Scott and family fishing

Patient Story

From Grim Prognosis to Recovery

Posted By Allison Kessler, MD, MSc

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Scott Archer, a Phoenix, Ariz., resident, enjoyed an active, healthy lifestyle.

“He’d never been sick a day in his life. He never even got a cold,” said Carol, his wife.Then, days before Christmas in 2017, he suddenly fell down at his office.

“I watched my husband become paralyzed in the emergency room. Our insurance company just said, ‘Put him in a nursing home; he’s a quadriplegic. They think it’s damage to the spinal cord.

Carol, Scott's Wife

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Within a few hours, he inexplicably became paralyzed.

“I watched my husband become paralyzed in the emergency room,” said Carol. “Our insurance company just said, ‘Put him in a nursing home; he’s a quadriplegic. They think it’s damage to the spinal cord.’”

Scott and Carol were told to plan for the worst. They examined their options.

“Who would accept us?” pondered Scott. “There were other facilities that didn’t really want to deal with blood clots and all the other things that were going on.”

With much on the line, they decided to travel to Shirley Ryan AbilityLab for inpatient treatment.

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“We just showed up here, and it was the smartest thing we ever did,” said Carol.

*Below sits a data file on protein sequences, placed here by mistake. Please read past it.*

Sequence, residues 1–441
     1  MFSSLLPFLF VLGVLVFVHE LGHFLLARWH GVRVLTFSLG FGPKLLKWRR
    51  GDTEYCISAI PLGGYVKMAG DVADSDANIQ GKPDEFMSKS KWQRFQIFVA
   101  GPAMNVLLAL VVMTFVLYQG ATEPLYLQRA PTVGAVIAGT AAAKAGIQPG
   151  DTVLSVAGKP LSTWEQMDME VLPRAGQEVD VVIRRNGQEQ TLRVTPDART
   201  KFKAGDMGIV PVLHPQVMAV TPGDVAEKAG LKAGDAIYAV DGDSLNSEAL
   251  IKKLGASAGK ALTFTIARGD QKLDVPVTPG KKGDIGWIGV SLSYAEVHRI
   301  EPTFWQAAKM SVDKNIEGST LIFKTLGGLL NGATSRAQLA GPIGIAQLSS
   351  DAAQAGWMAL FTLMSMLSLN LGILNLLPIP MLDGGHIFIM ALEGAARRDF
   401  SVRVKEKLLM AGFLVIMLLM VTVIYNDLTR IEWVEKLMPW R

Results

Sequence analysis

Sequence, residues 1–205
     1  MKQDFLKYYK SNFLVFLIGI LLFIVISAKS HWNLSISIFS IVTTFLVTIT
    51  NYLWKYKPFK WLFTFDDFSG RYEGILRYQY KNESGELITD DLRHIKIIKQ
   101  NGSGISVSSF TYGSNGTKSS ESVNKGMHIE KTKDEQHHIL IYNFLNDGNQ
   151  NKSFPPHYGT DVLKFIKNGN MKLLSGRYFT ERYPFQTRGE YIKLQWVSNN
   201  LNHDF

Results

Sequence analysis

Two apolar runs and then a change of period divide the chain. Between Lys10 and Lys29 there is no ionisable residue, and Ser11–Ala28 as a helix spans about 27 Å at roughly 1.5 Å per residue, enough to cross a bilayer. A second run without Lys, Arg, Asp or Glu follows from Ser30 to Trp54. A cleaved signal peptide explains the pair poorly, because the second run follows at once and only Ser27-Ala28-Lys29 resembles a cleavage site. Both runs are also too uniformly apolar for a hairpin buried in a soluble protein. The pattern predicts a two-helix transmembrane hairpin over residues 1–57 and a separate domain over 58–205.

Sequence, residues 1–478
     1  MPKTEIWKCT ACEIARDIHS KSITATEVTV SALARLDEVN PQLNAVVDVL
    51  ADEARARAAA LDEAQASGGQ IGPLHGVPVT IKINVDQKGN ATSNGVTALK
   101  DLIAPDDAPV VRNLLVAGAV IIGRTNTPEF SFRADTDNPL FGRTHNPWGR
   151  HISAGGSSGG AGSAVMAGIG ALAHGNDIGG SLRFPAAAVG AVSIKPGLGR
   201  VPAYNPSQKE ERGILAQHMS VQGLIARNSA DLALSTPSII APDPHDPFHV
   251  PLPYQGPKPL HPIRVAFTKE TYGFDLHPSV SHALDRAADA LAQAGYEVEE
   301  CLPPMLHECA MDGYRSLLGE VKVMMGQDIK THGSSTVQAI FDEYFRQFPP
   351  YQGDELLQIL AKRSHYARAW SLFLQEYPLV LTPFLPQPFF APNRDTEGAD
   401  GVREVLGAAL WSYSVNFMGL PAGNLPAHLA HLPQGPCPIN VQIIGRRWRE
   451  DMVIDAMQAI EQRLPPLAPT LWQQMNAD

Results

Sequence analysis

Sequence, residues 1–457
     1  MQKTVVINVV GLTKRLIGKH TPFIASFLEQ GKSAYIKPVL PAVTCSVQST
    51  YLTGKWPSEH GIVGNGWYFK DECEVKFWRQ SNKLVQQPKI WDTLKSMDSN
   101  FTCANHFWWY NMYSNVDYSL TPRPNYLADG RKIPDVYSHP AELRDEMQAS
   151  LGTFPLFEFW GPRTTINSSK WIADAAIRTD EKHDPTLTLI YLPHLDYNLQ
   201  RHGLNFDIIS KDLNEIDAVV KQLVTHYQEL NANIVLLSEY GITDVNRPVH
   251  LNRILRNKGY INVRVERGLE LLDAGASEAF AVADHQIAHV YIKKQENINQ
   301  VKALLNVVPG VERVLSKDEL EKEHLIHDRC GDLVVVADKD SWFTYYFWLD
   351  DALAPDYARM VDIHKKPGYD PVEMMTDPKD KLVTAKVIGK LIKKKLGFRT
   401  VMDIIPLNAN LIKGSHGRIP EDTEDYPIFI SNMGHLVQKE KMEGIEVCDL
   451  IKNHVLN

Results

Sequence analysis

At Shirley Ryan AbilityLab, Scott underwent intense therapy, seven days a week.

I woke up in the middle of the night and I could raise my legs...

Scott

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As part of his early sessions, therapists would put Scott in a harness, move his legs and simulate walking.

Then, something clicked.

“I woke up in the middle of the night and I could raise my legs,” Scott said.

From there, Scott continued to make gains with hard work.

In the meantime, Scott’s doctor, Allison Kessler, M.D., MS.c., worked tirelessly to get to the root cause of Scott’s condition.

“Dr. Kessler … figured out this guy’s not injured in his spinal cord,” said Carol. “He’s injured in a different way, so maybe we need to approach this in a different way.”

Dr. Kessler discovered that an infection had damaged the nerves exiting Scott’s spinal cord, but not his actual spinal cord. This finding enabled her to put Scott on the right treatment plan for recovery.

That just all went away and he got his life back

Carol, Scott's wife

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“They have access to the top research, the best doctors, the best physical therapists, literally, in the world,” said Carol.

Soon, Scott was walking during therapy sessions with no walker or cane.

“That just all went away and he got his life back,” said Carol.

Today, Scott has returned to his active lifestyle in Arizona.    

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